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"I am a Jew and as a Jew I believe that the State of Israel is my homeland"
   A poster in an exhibit titled "Let my People Go!" – Israel Museum, the Sixties
Prior to the Six-Day War, most of the struggles of the Soviet Jews for their right to make Aliya – were not publicized. Only a handful enjoyed headlines and many had hoped that they would crack the Soviet unreceptiveness. One of these was the struggle of young Russian named Yasha Kazakov, born in 1947, who in February 1967 barged into the Israeli embassy in Moscow and demanded that they help him make Aliya. Initially, the embassy staff were hesitant but eventually they gave him a visa to enter Israel. The permit did not convince the Russians, who did not allow him to leave their country, claiming that he had no relatives in Israel. Yasha Kazakov did not give up: He announced that he was renouncing his Soviet citizenship and was, apparently, the first citizen who demanded that his citizenship be revoked while still inside Soviet territory. Moreover, in a letter he successfully sent to the UN Human Right's Council, he declared:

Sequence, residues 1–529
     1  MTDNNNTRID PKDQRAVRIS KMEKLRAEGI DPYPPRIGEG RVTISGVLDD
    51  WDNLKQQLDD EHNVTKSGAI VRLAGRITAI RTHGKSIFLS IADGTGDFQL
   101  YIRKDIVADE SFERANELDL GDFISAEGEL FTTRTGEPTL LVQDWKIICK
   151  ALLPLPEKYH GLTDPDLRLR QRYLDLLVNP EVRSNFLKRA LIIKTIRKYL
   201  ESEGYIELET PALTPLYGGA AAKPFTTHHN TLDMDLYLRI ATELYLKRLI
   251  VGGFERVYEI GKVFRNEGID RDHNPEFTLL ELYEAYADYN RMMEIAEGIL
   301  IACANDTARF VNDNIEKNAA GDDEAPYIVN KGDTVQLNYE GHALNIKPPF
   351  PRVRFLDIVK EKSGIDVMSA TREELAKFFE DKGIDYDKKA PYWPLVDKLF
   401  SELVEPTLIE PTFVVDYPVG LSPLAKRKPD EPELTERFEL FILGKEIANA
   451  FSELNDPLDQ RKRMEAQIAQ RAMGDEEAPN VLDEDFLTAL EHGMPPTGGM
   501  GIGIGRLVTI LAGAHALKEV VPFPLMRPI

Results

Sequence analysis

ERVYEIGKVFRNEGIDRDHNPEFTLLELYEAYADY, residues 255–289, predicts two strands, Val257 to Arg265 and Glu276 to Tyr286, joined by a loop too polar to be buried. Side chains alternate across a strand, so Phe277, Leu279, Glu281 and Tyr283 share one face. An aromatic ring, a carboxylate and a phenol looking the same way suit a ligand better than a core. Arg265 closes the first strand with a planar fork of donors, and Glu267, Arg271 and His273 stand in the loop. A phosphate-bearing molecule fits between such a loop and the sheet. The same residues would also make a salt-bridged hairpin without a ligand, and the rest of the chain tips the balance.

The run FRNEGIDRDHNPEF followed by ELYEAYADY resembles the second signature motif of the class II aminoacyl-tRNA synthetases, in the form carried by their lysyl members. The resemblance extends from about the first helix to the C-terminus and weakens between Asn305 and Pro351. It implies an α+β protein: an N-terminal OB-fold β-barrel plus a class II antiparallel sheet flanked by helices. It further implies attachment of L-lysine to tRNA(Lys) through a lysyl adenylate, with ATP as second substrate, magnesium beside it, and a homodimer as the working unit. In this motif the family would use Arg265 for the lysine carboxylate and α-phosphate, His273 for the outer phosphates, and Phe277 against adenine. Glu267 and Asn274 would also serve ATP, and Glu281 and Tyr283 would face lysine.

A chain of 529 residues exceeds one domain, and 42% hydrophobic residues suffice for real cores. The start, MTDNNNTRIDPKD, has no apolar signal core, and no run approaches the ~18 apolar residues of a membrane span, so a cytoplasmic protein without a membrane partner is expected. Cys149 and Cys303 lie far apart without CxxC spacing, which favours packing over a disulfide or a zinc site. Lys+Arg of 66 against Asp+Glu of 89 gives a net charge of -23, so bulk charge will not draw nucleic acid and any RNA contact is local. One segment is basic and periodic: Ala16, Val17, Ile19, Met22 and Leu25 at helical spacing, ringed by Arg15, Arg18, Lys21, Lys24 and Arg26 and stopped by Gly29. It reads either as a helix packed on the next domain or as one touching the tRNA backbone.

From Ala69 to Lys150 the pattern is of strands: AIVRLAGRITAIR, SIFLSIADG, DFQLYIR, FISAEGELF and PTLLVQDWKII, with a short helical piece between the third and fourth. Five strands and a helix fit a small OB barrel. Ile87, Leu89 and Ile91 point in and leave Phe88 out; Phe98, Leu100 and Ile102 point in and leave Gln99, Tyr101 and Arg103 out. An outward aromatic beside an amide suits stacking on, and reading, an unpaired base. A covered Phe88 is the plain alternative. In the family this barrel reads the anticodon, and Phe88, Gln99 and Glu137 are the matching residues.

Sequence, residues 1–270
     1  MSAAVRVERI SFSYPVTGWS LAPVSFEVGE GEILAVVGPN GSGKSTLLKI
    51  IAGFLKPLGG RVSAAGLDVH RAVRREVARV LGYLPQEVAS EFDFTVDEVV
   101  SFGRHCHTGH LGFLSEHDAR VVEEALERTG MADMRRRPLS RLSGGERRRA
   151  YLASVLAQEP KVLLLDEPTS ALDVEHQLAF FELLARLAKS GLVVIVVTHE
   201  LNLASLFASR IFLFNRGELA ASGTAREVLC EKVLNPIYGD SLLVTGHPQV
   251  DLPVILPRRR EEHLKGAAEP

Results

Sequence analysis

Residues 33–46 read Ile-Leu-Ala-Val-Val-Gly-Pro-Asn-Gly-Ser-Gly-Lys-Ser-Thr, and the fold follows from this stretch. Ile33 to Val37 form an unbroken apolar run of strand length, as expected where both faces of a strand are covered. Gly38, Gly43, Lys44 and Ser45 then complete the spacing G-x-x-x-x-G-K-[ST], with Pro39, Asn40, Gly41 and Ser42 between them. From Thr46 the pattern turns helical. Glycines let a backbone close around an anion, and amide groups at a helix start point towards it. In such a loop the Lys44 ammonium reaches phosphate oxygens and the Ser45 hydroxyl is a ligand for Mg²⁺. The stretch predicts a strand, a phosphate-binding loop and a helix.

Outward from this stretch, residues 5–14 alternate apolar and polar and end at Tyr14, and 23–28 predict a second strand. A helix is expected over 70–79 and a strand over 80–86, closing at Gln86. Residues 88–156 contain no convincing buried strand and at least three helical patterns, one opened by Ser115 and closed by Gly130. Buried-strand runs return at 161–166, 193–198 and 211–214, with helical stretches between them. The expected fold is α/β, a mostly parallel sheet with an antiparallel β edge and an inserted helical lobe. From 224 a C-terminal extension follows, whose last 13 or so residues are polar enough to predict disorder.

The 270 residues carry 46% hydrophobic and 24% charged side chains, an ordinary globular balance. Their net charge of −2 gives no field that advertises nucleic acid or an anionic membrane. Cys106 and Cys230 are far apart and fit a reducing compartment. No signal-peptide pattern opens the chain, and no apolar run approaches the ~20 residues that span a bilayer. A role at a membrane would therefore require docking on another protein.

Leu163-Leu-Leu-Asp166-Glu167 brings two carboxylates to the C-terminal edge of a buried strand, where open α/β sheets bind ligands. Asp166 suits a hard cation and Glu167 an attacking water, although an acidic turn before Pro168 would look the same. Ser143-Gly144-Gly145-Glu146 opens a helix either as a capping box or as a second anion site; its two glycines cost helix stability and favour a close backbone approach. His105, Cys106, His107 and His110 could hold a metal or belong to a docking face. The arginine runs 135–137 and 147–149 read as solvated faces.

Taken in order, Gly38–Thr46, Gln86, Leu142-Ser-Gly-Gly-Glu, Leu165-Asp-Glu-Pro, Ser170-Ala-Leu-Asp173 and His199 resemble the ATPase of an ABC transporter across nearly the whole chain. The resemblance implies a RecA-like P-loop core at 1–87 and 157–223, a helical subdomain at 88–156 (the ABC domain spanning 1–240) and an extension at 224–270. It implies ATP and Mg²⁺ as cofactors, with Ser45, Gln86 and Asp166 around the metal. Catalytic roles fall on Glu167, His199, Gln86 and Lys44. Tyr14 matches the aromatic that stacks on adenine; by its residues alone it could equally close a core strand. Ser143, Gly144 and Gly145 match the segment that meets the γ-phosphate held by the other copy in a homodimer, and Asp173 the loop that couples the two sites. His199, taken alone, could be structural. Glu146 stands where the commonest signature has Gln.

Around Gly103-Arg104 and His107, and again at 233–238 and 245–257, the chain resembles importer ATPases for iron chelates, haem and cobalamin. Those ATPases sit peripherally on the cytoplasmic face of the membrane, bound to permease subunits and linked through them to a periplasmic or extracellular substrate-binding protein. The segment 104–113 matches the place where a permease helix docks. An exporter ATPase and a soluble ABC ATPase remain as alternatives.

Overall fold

I am Jewish. I was born Jewish and wish to live my life as a Jew. With all the respect I feel towards the Russian people I do not view my people as inferior in any way in relation with the Russian people. Since the conditions in the Soviet Union are detrimental to the Jewish people, I wish to leave it. I am a Jew and as a Jew I believe that the State of Israel is my homeland, the homeland of my people, and the only place on earth where there is an independent Jewish state [...] and I like any Jew am fully within my rights to live in that country.
Kazakov's letter was published in the "Washington Post" in December 1968. The publication generated broad scale international waves and hurt the image of the Soviet authorities. After several months, Kazakov was given an exit visa.

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